Mookie Betts’ remarkable season

Mookie Betts had a 2016 for the ages. Since 1901, here are the only guys to post 29+ fielding runs and 29+ batting runs. As with Mookie this year, most of these guys didn’t win their league MVP award.

Rk          Player Year Rbat Rfield Age  Tm     Pos
1     Mookie Betts 2016 29.8   32.0  23 BOS    *9/H
2      Chase Utley 2008 30.0   31.0  29 PHI    *4/3
3    Albert Pujols 2007 51.3   31.0  27 STL    *3/H
4      Scott Rolen 2004 40.2   30.0  29 STL      *5
5    Ichiro Suzuki 2004 35.7   30.0  30 SEA   *9/DH
6      Ken Griffey 1996 39.8   32.3  26 SEA    *8/D
7        Al Kaline 1961 39.3   29.2  26 DET *98/H75

Website should be up and running again

Go ahead, post a comment here just to prove that you can!

I’ve been quite busy with my day job and unable to pay any attention to things here. Doug has done a good job of keeping me apprised and nudging me periodically to get things fixed. It appears something got corrupted in the old theme, and so switching over to a different theme has resolved the issue. I’m going to make some minimal changes to this new theme to make it prettier but do as little as possible to help ensure that it stays running smoothly and quickly.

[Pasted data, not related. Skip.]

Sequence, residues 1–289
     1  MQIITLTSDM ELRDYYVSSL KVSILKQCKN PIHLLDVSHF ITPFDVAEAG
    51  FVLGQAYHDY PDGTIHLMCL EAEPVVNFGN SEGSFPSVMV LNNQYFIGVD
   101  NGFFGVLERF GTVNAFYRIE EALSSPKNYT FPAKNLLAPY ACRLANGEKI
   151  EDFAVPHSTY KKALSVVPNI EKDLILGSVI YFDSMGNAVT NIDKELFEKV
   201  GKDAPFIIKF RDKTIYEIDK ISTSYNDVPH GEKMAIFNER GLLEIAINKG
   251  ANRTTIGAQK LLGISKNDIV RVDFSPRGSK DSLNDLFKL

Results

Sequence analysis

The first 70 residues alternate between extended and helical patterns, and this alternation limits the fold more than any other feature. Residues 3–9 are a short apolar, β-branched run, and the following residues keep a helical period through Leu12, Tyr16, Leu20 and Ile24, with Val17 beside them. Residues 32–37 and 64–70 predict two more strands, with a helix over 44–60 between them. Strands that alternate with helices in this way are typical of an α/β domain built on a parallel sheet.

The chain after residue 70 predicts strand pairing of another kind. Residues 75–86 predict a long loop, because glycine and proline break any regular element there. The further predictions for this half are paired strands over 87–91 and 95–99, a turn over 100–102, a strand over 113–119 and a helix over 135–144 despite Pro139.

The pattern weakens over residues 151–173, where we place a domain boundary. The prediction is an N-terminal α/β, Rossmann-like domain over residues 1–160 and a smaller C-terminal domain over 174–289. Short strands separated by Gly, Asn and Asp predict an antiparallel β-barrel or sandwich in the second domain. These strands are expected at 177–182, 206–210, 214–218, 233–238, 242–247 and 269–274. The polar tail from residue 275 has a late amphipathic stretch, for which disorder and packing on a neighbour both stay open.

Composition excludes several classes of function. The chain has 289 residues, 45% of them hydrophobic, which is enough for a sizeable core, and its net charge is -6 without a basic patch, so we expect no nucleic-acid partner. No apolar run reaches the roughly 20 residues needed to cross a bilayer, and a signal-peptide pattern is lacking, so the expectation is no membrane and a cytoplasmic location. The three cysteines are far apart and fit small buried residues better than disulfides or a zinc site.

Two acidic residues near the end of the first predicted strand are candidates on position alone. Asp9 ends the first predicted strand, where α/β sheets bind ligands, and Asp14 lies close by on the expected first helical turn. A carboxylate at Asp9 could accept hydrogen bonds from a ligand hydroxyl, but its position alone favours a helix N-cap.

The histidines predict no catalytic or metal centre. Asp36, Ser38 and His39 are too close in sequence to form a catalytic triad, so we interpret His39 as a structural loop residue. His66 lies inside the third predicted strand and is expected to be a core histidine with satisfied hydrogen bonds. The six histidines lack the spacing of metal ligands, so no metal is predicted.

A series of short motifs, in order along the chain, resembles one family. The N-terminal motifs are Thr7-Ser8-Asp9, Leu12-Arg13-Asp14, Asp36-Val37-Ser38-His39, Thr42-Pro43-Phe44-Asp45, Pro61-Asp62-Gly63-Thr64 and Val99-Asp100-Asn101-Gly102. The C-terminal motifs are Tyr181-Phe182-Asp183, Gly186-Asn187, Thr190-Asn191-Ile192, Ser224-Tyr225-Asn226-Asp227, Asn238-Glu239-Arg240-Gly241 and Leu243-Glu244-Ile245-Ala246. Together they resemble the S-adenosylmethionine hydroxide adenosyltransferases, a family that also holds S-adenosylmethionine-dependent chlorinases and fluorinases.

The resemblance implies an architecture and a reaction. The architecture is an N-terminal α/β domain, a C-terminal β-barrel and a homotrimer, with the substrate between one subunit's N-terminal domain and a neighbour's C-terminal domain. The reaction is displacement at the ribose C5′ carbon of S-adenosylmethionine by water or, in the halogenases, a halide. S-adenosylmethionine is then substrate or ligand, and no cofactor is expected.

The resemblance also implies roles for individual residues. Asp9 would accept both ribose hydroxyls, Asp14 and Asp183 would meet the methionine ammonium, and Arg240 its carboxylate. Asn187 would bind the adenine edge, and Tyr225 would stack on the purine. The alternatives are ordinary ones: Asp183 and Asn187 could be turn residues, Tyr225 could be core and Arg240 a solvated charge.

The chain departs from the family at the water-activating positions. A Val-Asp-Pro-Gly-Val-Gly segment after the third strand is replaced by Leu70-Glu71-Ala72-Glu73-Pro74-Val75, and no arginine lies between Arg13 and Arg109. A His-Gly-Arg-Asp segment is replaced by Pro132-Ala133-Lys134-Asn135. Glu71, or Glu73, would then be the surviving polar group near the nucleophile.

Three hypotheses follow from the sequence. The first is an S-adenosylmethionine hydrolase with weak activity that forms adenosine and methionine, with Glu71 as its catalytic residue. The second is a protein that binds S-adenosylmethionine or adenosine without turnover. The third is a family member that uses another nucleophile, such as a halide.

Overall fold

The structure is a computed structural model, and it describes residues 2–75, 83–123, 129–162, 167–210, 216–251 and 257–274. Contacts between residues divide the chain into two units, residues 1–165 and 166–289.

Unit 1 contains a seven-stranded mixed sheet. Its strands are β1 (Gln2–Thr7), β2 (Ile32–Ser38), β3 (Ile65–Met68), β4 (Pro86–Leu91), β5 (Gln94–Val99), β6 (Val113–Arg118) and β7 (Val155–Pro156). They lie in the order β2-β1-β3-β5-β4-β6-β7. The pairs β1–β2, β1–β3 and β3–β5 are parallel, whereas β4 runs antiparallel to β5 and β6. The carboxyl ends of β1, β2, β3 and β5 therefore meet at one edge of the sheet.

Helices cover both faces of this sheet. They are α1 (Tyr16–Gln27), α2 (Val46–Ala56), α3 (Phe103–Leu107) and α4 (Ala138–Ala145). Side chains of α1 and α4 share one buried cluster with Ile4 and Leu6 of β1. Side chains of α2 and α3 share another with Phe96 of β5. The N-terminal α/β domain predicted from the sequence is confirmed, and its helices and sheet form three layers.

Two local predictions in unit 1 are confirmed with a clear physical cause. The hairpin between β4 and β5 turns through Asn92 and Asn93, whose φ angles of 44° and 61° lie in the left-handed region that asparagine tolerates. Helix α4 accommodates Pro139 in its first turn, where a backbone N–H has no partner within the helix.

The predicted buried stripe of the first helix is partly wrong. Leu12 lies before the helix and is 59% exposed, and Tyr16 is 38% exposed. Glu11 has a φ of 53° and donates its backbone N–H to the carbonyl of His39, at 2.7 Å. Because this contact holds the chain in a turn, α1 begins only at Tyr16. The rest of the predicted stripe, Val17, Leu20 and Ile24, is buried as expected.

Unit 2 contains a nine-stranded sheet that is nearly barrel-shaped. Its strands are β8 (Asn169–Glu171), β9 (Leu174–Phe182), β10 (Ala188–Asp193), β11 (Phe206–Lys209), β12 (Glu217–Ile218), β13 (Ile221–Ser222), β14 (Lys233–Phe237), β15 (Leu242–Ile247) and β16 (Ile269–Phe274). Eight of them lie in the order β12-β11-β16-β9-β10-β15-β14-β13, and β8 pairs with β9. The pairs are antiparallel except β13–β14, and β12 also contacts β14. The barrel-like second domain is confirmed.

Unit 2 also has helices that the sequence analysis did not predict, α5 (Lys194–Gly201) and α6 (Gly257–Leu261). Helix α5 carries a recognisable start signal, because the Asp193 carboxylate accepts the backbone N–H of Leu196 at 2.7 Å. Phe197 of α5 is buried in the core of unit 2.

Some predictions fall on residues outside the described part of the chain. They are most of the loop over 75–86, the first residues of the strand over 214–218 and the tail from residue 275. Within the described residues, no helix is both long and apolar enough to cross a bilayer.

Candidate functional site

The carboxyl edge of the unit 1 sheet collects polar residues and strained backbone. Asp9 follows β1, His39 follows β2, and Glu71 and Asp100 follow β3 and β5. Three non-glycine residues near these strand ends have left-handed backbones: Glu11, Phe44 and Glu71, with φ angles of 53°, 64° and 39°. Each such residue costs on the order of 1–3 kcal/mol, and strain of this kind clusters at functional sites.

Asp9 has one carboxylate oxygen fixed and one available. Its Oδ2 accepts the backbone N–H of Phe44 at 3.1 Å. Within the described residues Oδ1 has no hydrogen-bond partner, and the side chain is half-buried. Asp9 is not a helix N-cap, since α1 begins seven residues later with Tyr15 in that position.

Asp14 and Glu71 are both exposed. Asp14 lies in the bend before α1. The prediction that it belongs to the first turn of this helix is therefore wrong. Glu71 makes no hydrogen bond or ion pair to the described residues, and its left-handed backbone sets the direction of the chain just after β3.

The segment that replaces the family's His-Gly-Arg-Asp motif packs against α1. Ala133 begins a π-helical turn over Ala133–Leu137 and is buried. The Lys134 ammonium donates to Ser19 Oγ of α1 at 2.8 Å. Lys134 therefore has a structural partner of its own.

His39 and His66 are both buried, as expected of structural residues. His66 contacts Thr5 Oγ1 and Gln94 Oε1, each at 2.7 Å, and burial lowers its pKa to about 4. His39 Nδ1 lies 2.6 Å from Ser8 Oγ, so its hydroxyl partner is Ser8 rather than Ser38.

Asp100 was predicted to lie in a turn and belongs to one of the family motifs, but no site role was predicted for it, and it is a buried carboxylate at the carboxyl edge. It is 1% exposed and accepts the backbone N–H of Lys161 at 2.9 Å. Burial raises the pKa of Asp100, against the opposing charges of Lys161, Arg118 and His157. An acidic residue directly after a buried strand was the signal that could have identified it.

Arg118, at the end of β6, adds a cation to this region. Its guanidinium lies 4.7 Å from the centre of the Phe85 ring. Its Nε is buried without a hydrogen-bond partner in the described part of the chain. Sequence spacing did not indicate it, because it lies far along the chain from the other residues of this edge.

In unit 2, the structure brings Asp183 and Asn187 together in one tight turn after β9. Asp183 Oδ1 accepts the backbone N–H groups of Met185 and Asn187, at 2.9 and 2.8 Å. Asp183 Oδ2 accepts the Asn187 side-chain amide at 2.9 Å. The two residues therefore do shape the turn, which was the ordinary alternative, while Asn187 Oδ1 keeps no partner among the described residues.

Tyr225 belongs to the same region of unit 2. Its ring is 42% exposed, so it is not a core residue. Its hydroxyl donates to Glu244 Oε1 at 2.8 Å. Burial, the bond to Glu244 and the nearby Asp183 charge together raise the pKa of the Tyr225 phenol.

Apologies for all the downtime.

World Series Game 7

It comes down to one game for all the marbles tonight. Mother Nature is cooperating with a second night of almost summer-like weather in November, so it figures to be a showcase evening that will see one long world championship drought ended … and another extended.